Reset or reckoning?
In other words, after U.S. blue-chips erased one of the best January gains ever under the weight of implausible valuations, is that it? That’s the question occupying markets after two blistering stock market routs and the first sign of panic selling for two and half years. After all, the correction in itself was not surprising. It was the timing and speed that took investors off guard.
It’s the need for markets to re-familiarise with ‘normal’ volatility fast that poses the biggest obstacle to a sustainable stock market bounce. Snap shots may not be reliable. The VIX volatility gauge was down 17% at the time of writing after ending 115% higher on Monday. At the very least, we can say that uncanny calm is over. U.S. equity futures flashing several hundred points in either direction this morning may also offer only flimsy direction. Under these circumstances, the best guidance includes 1. Keep risk management strict. 2. Unless indices recoup in orderly fashion assume further sharp declines are likely. 3. Stability could trigger selective buying opportunities.
Up there, down here
A transatlantic split at the time of writing underscores the confusing near-term outlook. European markets were still sharply lower by late morning. U.S. equity futures were up. This was no ‘catch-up’ by Europe and the FTSE. Index futures here had matched U.S. declines overnight. Furthermore all sectors in Europe’s STOXX were in the red: investors were generally cashing out, not reallocating so much. Notable gainers included BP after blockbuster earnings, lifting the shares 0.3% against the FTSE’s 127 point tumble, with potential for more shareholder applause after the market settles. Looking at Austrian semiconductor maker AMS, which added 8% vs. ATX’s 2% fall, investors were signalling that strong quarterly demand from suppliers like Apple could be game changing.
Markets were also on alert for outright casualties. Attention is focused on exchange traded instruments, especially those derived from volatility measures, like the VIX. For XIV, styled by Credit Suisse as an ‘inverse VIX’, a market close of $99 was followed by an after-hours tumble of 86% to a net asset value of $4.22. A rival, ProShares’ Short VIX Short-Term Futures ETF also sank around 80%. Both instruments face questions about liquidity.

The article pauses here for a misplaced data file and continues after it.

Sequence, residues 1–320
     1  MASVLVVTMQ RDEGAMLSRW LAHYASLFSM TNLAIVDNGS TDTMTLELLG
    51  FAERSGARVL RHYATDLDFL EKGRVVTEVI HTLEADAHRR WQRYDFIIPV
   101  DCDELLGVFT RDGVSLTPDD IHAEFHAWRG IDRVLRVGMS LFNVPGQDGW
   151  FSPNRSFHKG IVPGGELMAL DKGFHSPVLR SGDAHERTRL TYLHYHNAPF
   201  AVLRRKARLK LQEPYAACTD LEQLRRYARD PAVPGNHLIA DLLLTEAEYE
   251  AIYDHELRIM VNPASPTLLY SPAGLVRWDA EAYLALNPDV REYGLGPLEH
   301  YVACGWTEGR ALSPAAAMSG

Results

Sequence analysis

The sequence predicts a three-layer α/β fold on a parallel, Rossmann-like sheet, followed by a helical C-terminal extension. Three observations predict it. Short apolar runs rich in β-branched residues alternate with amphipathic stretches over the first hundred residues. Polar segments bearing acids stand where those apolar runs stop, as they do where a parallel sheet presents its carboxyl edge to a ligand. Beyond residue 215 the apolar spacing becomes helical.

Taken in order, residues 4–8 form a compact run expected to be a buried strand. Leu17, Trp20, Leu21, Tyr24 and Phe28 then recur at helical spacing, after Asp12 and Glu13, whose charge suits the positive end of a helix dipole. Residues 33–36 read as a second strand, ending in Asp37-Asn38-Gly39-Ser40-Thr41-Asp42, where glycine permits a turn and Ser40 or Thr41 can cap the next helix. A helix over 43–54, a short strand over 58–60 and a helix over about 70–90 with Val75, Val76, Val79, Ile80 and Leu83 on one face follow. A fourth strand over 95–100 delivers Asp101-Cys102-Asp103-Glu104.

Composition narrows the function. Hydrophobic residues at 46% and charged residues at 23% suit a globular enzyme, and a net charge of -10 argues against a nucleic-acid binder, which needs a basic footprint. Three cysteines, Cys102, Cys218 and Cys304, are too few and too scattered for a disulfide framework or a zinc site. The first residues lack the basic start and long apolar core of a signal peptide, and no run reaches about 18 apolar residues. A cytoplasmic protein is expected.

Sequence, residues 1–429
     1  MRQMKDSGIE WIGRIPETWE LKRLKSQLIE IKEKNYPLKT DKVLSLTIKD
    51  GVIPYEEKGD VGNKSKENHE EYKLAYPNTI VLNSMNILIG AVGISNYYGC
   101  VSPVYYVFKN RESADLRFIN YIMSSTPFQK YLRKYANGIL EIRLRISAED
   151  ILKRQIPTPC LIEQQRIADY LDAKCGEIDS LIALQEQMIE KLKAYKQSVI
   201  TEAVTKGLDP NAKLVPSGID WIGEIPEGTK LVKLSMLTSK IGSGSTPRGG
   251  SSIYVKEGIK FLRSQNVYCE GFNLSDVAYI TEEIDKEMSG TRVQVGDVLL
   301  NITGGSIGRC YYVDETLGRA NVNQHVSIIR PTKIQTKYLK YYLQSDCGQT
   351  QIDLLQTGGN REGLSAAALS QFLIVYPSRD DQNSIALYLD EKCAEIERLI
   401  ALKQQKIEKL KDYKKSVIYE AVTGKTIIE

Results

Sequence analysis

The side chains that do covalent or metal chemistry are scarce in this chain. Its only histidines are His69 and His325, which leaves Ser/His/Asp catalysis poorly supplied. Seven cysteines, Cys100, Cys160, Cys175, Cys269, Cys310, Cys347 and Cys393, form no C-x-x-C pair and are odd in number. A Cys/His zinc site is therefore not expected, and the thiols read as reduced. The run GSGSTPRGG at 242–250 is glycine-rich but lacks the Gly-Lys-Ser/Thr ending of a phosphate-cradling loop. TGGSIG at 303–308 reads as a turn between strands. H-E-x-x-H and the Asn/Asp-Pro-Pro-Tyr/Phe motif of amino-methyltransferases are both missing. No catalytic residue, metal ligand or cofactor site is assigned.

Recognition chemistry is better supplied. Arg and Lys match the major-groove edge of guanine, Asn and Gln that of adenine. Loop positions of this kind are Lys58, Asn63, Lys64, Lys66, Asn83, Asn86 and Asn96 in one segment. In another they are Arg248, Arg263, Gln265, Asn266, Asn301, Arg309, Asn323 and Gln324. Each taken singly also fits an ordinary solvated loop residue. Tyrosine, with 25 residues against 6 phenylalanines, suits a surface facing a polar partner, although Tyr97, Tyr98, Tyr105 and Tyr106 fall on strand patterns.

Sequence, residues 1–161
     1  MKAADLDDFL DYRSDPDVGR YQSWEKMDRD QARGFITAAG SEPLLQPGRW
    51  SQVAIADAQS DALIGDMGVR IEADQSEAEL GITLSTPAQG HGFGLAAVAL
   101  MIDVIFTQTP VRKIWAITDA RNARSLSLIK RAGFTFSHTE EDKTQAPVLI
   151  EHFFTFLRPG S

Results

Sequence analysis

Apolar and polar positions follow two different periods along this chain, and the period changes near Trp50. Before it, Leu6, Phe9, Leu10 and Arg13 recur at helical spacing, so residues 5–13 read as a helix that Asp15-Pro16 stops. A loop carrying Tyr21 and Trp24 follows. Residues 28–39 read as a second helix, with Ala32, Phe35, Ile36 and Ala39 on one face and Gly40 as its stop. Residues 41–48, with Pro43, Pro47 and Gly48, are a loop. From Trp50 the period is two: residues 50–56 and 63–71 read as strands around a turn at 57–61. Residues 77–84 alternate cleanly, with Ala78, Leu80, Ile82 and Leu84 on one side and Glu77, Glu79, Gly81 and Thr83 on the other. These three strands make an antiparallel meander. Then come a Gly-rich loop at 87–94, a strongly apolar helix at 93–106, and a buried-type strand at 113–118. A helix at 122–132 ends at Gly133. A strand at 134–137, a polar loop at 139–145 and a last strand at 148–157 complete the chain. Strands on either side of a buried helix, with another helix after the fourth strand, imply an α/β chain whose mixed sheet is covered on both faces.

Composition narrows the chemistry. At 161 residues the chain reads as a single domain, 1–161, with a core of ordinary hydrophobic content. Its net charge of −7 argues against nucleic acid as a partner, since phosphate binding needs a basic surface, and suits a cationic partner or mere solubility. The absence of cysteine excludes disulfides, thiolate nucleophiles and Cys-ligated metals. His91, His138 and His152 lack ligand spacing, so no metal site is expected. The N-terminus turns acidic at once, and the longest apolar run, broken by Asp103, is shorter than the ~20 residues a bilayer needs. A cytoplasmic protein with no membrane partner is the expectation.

Yen bides its time
In currencies, the yen, a key signifier of risk appetite, was narrowly consolidating strides in the day before. Since Friday’s close, the yen has surged as much as 428 pips higher against the pound and 330 odd pips against the euro. The yen was still bid against the dollar after tacking on 150 pips at its best. USDJPY’s spike low in September at 107.32 is in focus for potential support. Friday’s high was 110.47.
Sterling dodges splinters
Last week’s signs of a dollar rebound were also fading against sterling. The pound was aided as fewer splinters from a fracturing Conservative Party have hit the headlines since the weekend. Cable swung higher well before $1.3914-1.393 support that was confirmed on 22nd and 23rd January. However the pair was already softening after getting 1-pip under the ‘psychological’ price of $1.40, defining a short-term range.
What dollar bounce?
As we predicted on Friday, the Dollar Index basket has reversed at closely eyed prices around 89.6, echoing failures throughout the last week of January. As part of dollar-yields-inflation complex that spooked riskier assets in recent days, a weaker dollar may smooth the recovery of stocks. Sticking points include gold that has stayed bid for two sessions, and 10-year Treasury yields that retreated no lower than 2.65% from a 4-year high just 15 basis points off 2.9%.
BoE, UK factory output, China trade
Key remaining macroeconomic events this week may be more catalytic than usual under current circumstances. The Bank of England’s ‘Super Thursday’ will now be watched in light of resumed political instability after BoE policymakers expressed optimism about the reduced likelihood of a “disorderly” Brexit. Even then, significant Statement or forecast changes look unlikely. Industrial and factory sector readings on Friday could cause more ructions for sterling; and possibly for the FTSE 100 too, as their inverse correlation has been eclipsed by jitters of late. China’s import/export balance on Thursday should also be scrutinised as the White House’s sensitivity to unfair trade practices is back to the fore. The greenback has been equally sensitised to the issue.